Data privacy is now a big issue and regulated by the General Data Privacy Rules (GDPR) which also affect websites. This article is a run-through on how to construct a website privacy statement with the GDPR in mind.

A website privacy statement used to be based on:

But as of 2018, things they are a-changing.

The Data Protection Acts 1988 and 2003/12 are being replaced by a European Regulation known as the GDPR (General Data Protection Regulation) which will be binding on all European member states, and it will also apply to non European entities doing business in Europe.

A website privacy statement will now be based on:

  • • General Data Protection Regulation (
  • ePrivacy Regulations 2018 ? Yet to be agreed

The GDPR will significantly strengthen a consumer's rights around their personal data. It has also expanded personal data to include the collection of IP addresses - a machine identifer that could be used (in conjunction with other data) to personally identify you. An IP address could look like this: If you want to know what yours looks like, then just google: whats my ip?

One thing that hasn't been finalised yet, however is the other half of the Data Privacy duo which is the much anticipated re-write of the ePrivacy Regulation, yet to be finalised. This is tricky because for website owners, the GDPR and ePrivacy kinda go together. Whereas GDPR focusses on personal data, ePrivacy has a lot to do with "cookies", which affect functionality we love to provide on websites like Google Analytics, embedding Youtube videos, showing Facebook feeds and so on. Right now, we don't know whether the powers that be will decide that the cookies dumped onto visitors by these providers will have to be strictly "opt in" (what a pain), or a more relaxed version where we can set them to "on" to begin with, but provide visitors with an option of turning them off, and rejecting these cookies. We are so hoping that the more relaxed side of the argument will win out.

Website Data Privacy Statements and the GDPR

Much of the old legislation still holds, which is helpful. The differences for website privacy statements are that we have to answer the following questions in quite some detail -

Example: We collect personal data from our Contact form, shopping cart, Google Analytics (yes, unless you anonymize the IP address collection first! See for some help on this.)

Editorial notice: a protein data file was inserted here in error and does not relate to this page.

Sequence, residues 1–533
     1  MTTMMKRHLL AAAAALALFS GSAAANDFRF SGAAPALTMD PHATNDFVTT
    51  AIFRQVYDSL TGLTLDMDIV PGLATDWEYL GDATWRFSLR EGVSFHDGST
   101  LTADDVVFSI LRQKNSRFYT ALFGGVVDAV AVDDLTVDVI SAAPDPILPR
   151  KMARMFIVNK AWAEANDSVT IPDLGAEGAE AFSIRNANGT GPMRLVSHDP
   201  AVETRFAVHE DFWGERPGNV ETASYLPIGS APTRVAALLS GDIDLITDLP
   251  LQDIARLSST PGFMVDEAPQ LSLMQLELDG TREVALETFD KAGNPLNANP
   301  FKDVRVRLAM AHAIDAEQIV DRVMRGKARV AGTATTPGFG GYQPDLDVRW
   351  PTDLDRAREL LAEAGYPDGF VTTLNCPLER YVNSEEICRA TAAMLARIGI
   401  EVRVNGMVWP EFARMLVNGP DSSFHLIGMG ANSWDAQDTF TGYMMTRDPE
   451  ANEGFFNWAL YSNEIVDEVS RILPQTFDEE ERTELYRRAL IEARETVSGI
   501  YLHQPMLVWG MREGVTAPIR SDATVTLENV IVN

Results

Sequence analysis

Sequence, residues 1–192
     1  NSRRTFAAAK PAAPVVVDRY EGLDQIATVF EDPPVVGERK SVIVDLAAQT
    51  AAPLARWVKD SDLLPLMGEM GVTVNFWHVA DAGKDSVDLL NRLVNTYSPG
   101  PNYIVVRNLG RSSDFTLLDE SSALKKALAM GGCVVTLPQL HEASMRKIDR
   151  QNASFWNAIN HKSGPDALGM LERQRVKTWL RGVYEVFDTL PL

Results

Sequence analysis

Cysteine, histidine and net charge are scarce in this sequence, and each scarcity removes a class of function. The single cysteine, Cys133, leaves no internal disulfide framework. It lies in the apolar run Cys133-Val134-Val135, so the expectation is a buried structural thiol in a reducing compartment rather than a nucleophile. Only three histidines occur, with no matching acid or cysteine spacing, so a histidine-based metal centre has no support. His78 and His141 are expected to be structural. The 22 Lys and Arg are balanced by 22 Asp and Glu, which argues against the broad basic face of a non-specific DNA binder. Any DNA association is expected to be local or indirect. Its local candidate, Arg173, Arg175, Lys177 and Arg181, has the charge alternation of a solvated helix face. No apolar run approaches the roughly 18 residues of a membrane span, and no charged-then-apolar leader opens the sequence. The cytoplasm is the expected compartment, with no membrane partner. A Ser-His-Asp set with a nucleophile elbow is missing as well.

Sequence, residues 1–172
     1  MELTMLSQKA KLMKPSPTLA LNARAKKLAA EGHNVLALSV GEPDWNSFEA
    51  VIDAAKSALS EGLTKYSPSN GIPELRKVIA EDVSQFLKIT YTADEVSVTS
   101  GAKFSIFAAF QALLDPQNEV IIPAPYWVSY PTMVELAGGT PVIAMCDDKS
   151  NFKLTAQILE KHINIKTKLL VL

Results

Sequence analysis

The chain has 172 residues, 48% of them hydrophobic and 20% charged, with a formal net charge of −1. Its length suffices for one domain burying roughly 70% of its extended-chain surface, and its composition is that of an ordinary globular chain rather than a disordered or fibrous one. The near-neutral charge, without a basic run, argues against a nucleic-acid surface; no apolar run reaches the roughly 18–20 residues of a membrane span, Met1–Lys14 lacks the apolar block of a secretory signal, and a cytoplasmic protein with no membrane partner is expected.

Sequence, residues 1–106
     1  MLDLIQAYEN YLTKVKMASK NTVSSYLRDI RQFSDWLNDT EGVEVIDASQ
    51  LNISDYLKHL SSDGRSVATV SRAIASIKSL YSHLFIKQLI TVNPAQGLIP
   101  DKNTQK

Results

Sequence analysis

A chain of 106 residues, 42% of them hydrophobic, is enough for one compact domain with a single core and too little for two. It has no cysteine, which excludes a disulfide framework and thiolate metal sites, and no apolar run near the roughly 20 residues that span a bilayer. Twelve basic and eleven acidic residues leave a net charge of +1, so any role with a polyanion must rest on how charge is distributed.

Example: We ask for your name, email address, physical address and contact number so that we can provide your with a legal invoice when you shop with us. We request your name and email address for our newsletter signup so that we can send you the newsletter and personalise it with your name. We ask for your name, email and a contact number on our contact form so that we can communicate with you quickly.

Note: quite a lot of shopping cart software collects IP addresses - make sure yours doesn't. Or if does, declare it here!

Example: We routinely delete all emails from our contact form on an annual basis (or whatever). We keep personal data and order transaction details - name, address, email, phone, products purchased, timestamp, amount spent, etc - for 6 years to comply with revenue purposes.

Example: Our newsletter provider, our payment processor, our webhost, our delivery company. These providers are hired by us to provide services and and are not allowed to use your personal data as they are also bound to data protection requirements.

If you want to understand more about their data privacy policies see this link, this link, this link.

Your personal data may also be provided to relevant third parties in the case of our business being sold, merged or made insolvent.

Example: Your personal data is secured using the most up to date and modern technology. Bear in mind that no system is foolproof. If there's ever a breach, and we hope that never happens - you'll be notified by us in 72 hours. (Note: breach notification within 72h is the rule with GDPR - no hiding it anymore)

Interestingly, you have to state if this is the case. Mailchimp have no European servers, so even though they are compliant with GDPR, you still have to state that personal data collected for your Mailchimp newsletter will leave the EU. And give a link to their privacy policy, you know yerself. We don't control these things...!

Same as the old Privacy Statement - do you market directly/indirectly. How they can opt out of marketing. Under the new GDPR, YOU are responsible for the opt-out for any indirect marketing that you engage in. Ouch ouch ouch.

My view is that you should include a statement that your website forms/shoppingcart that they cannot be used by anyone under 16 years of age (or at least not without parental/guardian's permission). The reason for this is that GDPR is tough on those who are obtaining personal data from minors. Ireland has declared the minimum age to be 16. Best avoided. CYA.

Expand this section as necessary, especially if you have a complicated set-up. You have 30 days to comply with any of the requests made below. And you can't charge money for it, unless the requests are ridiculously onerous.

  • You have the right to retrieve a copy of your personal data in machine readable format
  • You have the right to transfer your data to another provider
  • You have the right to request the removal of your data ("right to be forgotten")
  • You have the right to request a restriction from processing your data
  • You have the right to withdraw your consent to our use of your personal information at any time
  • You have the right to have your request dealt in 30 days of receipt

If you wish to exercise your rights please send details of your request to:

[email address]

Or by post to:


In case of a dispute you have the right to contact the Data Protection Authority, please see:

Tagged under: Legals

Last updated: 23 May 2018